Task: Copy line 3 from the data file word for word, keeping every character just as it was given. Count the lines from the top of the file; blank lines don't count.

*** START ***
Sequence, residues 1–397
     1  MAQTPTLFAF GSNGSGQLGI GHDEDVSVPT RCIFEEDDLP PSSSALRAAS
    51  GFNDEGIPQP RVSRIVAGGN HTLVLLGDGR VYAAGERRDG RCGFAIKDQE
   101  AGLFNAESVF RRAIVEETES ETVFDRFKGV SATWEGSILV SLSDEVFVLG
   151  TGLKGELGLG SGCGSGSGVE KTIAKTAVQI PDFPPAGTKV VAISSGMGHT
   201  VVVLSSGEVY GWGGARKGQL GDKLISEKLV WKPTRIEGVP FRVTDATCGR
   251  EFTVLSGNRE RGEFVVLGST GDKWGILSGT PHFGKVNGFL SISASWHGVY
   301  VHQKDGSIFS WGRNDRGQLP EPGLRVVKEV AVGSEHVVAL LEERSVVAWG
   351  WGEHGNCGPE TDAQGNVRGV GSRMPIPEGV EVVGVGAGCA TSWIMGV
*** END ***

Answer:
    51  GFNDEGIPQP RVSRIVAGGN HTLVLLGDGR VYAAGERRDG RCGFAIKDQE